THEATRE / Bodies and souls: Joseph Farrell on Unidentified Human Remains . . . at the Traverse, Edinburgh

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The Independent Culture
STRANGELY for a play in which undressed bodies are so much on display, it is the disembodied voice, emerging from the shadows or carried between the bleeps of an answering machine, which makes the deepest, most disturbing impact in Brad Fraser's snappily titled Unidentified Human Remains and the True Nature of Love.

Edmonton, in Fraser's vision, is a city of desultory chatter between desperate humans whose needs are eventually contained in one pithy line - Call me. At one point, the hubbub of intercut talk is stilled so that, one after another, each character repeats the same words but each expresses a separate desire. Call me, says the lesbian who is in love with a straight woman. Call me, says young Kane, certain of his worship of David but uncertain of his own sexuality. Call me, says a woman to her ex- husband, who is now busy deceiving another woman.

Edmonton could be any contemporary city, or indeed ancient Athens or Thebes in the grip of a plague or under a curse. One plague is the threat of sexual disease, the other the fear of psychopathic brutality. The title points to both. Radio bulletins and rumours tell of a serial killer on the loose. Meanwhile, the lush, ambiguous Benita (Irene Macdougall) recounts, with an icy smile, spine- chilling urban myths of decapitated children and violent death.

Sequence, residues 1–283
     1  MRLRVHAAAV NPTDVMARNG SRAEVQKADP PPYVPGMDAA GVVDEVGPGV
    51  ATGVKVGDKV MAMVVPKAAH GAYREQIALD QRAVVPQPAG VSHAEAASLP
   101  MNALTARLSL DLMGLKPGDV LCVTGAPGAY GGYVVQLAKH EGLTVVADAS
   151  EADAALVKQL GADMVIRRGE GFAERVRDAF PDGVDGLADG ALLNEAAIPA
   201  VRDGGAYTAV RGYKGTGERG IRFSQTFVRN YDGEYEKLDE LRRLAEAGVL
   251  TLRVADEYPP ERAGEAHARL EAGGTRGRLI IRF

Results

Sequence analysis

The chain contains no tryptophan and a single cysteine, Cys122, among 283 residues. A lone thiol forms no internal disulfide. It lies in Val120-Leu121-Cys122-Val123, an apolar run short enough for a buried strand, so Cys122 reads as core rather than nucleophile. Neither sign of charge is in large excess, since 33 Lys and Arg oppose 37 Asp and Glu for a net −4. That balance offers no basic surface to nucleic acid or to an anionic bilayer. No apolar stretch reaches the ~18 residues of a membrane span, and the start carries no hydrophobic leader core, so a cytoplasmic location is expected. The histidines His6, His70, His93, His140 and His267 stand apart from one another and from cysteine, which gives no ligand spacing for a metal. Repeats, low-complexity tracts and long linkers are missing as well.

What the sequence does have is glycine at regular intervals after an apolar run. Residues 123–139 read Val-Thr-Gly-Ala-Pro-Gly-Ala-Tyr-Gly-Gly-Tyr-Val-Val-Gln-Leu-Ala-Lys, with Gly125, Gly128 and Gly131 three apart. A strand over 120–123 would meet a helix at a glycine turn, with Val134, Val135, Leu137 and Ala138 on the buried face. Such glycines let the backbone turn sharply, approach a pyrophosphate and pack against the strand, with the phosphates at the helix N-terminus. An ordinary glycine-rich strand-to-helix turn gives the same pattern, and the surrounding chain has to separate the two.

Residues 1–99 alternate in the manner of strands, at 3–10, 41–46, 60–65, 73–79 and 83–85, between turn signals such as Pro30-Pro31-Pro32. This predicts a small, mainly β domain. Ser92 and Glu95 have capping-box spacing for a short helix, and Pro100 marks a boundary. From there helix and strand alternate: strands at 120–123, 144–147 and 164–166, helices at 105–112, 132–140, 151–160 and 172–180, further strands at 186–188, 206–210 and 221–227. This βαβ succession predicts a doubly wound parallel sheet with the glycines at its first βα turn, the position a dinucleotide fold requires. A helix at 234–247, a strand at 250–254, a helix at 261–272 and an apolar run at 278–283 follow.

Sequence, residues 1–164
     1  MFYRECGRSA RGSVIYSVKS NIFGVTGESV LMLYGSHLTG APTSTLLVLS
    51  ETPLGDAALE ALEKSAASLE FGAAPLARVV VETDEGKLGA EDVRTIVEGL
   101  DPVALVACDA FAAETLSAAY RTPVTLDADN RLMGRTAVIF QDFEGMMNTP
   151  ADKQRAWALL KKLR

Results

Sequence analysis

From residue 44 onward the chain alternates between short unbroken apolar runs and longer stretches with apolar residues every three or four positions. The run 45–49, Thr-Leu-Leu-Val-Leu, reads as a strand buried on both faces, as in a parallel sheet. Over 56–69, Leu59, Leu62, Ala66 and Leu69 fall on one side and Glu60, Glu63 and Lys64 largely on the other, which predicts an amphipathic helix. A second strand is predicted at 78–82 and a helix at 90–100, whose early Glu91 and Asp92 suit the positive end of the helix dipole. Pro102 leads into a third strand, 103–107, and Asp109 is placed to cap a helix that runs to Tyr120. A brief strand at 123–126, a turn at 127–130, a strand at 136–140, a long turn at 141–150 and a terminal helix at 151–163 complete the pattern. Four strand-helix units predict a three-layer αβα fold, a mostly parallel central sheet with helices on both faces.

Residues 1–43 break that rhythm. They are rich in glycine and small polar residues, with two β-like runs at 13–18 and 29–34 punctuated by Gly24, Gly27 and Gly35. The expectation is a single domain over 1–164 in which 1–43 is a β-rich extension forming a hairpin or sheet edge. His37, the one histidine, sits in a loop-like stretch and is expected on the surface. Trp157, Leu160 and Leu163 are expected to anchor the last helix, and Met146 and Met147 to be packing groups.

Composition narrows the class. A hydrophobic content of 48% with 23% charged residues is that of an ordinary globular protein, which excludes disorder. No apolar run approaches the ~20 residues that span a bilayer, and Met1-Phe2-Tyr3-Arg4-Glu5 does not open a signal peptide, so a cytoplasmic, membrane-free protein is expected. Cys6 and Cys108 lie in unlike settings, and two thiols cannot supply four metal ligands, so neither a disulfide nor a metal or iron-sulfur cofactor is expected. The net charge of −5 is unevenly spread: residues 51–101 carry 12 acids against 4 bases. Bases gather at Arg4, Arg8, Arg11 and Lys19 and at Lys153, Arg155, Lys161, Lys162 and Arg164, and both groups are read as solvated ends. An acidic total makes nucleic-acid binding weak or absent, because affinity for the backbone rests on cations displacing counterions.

At times, Benita is drawn into the action, at times she lounges outside, giggling at the nonsense and horror of it all. A futon bed is given centre stage in Nick Sargent's design, with the spaces at the sides variously indicating singles bars, aerobic gyms and elevated bridges. The common desire is to move from the side to the central bed, but the individual ambitions conflict. David is gay and yearns for Bernie, who is just separated from Lindie, but he shares a place with Candy who attracts both a homosexual woman and a heterosexual man.

There are sufficient interlocking tales here to fill a modern Decameron, but Fraser's principal aims are to illustrate an urban milieu and to draw attention to his own style and approach. At times, the cast stop being characters become a kind of chorus, reciting stray lines or even individual words one after the other.

There are scenes of hysterical comedy, caricaturing television sitcom, and an atmosphere of gothic horror. The only let-down is the ending when the focus narrows to the serial killer and his protectors. Tom Smith as the credulous Kane and Dougray Scott as the elegantly cynical David are especially effective in this intriguing, unsettling production.

Continues to 20 December (Box office: 031-228 1404).